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The Pie and Bovril Dead Pool 2020


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Week 10 update

Nothing up this week, so I'm going to carry on last year's partial tradition of posting about someone who died this week who you might not know about. Intrigued as I am looking at Wikipedia's list of deaths and seeing a man named Tom Turnipseed, today you're going to learn about a man named Henri Richard: https://www.dailymail.co.uk/news/article-8083701/Montreal-Canadiens-great-Henri-Richard-dies-84-long-battle-Alzheimers.html

There's usually been an old, terminally ill NHL player in my Dead Pool team. I didn't bother going looking for one this year, so I'm quite upset by this. I also thought he was dead already. Here's what his old team had to say: https://www.nhl.com/canadiens/news/former-canadiens-captain-henri-richard-passes-away-at-age-84/c-315927748

Quote

Born in 1936 in Montreal, Henri spent his entire 20-year NHL career with the Canadiens. He was the only player, along with teammate Jean Béliveau, to accomplish this feat. Prior to making the jump to the NHL and joining brother, Maurice, with the CH, Henri starred with the Montreal National, recording 55 points in 49 games in 1951-52. He moved on to the Montreal Junior Canadiens where he would wear number 9, winning the scoring championship two seasons in a row. 

Henri made his NHL debut with the Canadiens in 1955-56, recording 19 goals and 40 points in his rookie season and winning his first Stanley Cup. His first five seasons with the club concluded with a Stanley Cup championship. Henri is one of 12 players on the Canadiens to have been a member of the five consecutive Cup-winning teams, an NHL record, along with teammates Dickie Moore, Jacques Plante, Jean Béliveau, Doug Harvey, Bernard Geoffrion, Tom Johnson, Claude Provost, Jean-Guy Talbot, Don Marshall, Bob Turner and his brother, Maurice. In his 20-year career, Henri Richard etched his name on the Holy Grail 11 times, an NHL record that is unlikely to ever be surpassed.

A tenacious player with incomparable determination and perseverance, Henri did not let his size dictate his play and he went on to lead the franchise in games played (1,258) and ranked third in Canadiens history in assists (688) and points (1,046). His 388 career goals in the regular season (including 53 game-winning goals and 47 on the power play) rank third among centermen in team history, surpassed only by Jean Béliveau and Jacques Lemaire. In 1973, he became the ninth player in NHL history to reach 1,000 career points.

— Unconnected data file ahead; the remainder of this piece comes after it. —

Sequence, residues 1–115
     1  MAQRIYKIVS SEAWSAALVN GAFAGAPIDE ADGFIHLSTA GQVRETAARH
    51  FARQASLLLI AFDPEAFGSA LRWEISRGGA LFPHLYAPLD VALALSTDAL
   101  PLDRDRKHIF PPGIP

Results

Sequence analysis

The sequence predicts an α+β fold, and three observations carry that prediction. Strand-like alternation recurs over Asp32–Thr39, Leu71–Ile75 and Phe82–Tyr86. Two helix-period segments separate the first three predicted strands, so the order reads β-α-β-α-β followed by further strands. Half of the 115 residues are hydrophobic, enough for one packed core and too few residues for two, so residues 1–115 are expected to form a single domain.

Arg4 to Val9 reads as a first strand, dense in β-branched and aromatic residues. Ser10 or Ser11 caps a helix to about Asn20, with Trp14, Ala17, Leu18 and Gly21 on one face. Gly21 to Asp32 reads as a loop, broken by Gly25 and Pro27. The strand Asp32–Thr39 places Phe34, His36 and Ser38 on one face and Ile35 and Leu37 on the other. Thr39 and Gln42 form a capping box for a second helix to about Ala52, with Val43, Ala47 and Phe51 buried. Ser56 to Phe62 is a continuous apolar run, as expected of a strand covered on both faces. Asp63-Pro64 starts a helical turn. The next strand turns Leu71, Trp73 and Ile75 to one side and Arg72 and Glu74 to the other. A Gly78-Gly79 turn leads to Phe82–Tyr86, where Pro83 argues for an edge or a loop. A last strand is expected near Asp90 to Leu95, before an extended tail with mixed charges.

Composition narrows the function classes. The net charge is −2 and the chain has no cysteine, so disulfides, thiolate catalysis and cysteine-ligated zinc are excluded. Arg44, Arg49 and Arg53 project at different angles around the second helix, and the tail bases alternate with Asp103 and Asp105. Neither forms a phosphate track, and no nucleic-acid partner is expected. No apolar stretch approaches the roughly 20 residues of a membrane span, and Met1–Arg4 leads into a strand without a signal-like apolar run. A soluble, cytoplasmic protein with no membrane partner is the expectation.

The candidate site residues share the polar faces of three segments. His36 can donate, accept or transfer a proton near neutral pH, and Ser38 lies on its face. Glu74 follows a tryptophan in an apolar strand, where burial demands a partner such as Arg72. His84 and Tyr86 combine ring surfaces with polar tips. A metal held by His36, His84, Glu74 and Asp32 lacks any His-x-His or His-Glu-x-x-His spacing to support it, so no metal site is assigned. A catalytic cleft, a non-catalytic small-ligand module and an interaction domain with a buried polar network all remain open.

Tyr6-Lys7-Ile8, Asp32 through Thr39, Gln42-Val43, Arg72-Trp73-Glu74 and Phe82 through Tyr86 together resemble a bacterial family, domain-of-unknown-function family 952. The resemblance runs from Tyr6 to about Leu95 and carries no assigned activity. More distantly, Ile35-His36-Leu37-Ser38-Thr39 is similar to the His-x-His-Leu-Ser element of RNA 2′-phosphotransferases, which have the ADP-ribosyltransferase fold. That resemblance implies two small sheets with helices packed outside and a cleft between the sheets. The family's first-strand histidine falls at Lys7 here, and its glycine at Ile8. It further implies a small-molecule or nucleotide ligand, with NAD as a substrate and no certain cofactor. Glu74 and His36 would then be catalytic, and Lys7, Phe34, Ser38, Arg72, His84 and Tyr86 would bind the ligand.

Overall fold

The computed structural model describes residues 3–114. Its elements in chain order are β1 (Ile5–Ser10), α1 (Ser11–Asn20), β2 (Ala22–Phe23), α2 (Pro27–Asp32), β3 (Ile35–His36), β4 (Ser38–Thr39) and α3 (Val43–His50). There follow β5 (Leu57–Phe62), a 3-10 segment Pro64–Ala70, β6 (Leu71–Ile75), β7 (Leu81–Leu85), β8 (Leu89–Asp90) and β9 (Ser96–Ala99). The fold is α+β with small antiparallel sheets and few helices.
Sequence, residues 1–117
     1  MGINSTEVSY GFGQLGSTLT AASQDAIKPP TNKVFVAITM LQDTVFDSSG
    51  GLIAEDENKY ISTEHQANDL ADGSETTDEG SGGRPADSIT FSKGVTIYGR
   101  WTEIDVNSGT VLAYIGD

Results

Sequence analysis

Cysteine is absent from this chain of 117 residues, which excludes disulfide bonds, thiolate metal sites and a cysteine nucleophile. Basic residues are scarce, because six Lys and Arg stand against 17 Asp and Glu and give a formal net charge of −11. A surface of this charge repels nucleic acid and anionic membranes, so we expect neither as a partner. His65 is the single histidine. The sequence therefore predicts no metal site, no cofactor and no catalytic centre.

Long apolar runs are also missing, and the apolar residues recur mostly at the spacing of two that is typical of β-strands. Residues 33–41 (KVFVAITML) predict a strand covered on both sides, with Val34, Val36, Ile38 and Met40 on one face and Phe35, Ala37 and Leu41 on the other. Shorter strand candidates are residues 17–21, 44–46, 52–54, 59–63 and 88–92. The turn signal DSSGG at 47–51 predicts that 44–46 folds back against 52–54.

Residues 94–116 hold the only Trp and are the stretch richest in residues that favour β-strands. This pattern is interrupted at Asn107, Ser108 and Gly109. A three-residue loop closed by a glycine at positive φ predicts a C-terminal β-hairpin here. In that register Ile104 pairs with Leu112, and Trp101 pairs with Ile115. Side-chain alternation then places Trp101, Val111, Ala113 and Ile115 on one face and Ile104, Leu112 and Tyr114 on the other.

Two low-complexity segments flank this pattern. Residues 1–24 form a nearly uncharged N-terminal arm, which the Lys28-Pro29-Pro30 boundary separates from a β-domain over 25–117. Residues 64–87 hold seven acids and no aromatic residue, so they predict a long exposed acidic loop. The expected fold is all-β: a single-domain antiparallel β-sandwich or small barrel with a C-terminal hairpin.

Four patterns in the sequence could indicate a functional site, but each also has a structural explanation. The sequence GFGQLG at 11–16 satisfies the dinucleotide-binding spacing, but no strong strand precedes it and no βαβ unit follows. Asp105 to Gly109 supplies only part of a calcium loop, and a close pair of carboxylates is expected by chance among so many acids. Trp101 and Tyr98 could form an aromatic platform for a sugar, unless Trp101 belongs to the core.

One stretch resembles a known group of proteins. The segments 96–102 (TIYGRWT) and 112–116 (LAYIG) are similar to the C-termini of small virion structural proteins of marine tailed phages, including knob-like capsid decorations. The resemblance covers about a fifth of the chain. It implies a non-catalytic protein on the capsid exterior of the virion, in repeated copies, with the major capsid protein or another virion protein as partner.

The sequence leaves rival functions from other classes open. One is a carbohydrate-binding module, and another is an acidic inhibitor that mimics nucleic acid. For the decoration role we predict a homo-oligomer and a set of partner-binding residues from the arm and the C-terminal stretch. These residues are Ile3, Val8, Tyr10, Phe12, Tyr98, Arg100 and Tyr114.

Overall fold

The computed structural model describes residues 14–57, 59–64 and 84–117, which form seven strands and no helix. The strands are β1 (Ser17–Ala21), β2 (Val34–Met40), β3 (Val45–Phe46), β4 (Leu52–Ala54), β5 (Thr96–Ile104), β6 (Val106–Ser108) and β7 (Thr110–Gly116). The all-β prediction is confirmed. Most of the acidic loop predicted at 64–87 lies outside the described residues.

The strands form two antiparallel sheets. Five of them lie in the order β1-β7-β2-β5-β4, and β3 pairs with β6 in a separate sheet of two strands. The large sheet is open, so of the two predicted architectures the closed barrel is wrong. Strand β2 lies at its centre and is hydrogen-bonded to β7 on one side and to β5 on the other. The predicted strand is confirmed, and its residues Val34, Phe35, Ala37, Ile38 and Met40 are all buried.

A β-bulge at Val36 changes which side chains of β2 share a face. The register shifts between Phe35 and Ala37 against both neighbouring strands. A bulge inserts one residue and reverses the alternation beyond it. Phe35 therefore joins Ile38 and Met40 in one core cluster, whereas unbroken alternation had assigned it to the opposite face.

To give you some context for the history of the structure of the NHL, from the late twenties up to 1967 the league only had six teams. Montreal and Toronto, the only Canadian teams, effectively had a cabal on all the young players in the country. If you think Rangers and Celtic have been a stiflingly dominant force in Scottish football for the past 100+ years, imagine what it would be like if they only had a handful of teams to compete against for most of that. 

As the league expanded and player rights improved, Montreal's dominance over the game waned. They won five consecutive Stanley Cups to end the 1970s. They've won two since. Now imagine what it would be like if both Old Firm teams spent several decades without winning anything. But imagine at the same time they still had the same amount of fans, driven increasingly insane by the lack of achievement relative to their perception of their team. The entitlement. The slavish devotion to 'traditions'. The Canadiens even get to practice their unique variety of discrimination, because if you don't speak French as a player, coach, management, in-arena beer vendor, well that's the root cause of the problem really. 

With all that in mind and with me not knowing what the NHL was until it had thirty teams in it, it can be nice to take a trip down memory lane and see when teams like this were respected, successful and had good players. To celebrate the league's centenary in 2017 they named the 100 greatest players, and both Henri and brother Maurice were featured:

 

That's nearly 100 points down the drain for me. RIP.

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Great tribute to "The Pocket Rocket" Henri Richard.  RIP

Quick correction though, Montreal didn't win 5 straight cups in the 70's, only 4 straight but they won 6 in total during the decade.  Prior to the introduction of the modern Entry draft system in the late 1960's, Montreal had first dibs on players from Quebec which helped fuel their dominance.  Even after the draft came in, they still had the best scouts and the most clever general manager in Sam Pollock which still allowed them to draft legends like Guy Lafleur, Larry Robinson et al 

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11 minutes ago, Fullerene said:

Grim Reaper appears and does stuff.

Yip, as a Plague spreads throughout Europe....

 

Fitting Times for his demise.

 

Rip, thoughts+prayers, flowers to family, Lund BK scarf on my fence etc etc 

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1 hour ago, charon said:

Yip, as a Plague spreads throughout Europe....

Fitting Times for his demise.

Rip, thoughts+prayers, flowers to family, Lund BK scarf on my fence etc etc 

I should have guessed this was right up your street.

I'm just a carbon allotrope but as well as being a very large moon of Pluto you are also a ferryman for the dead.

Yikes.

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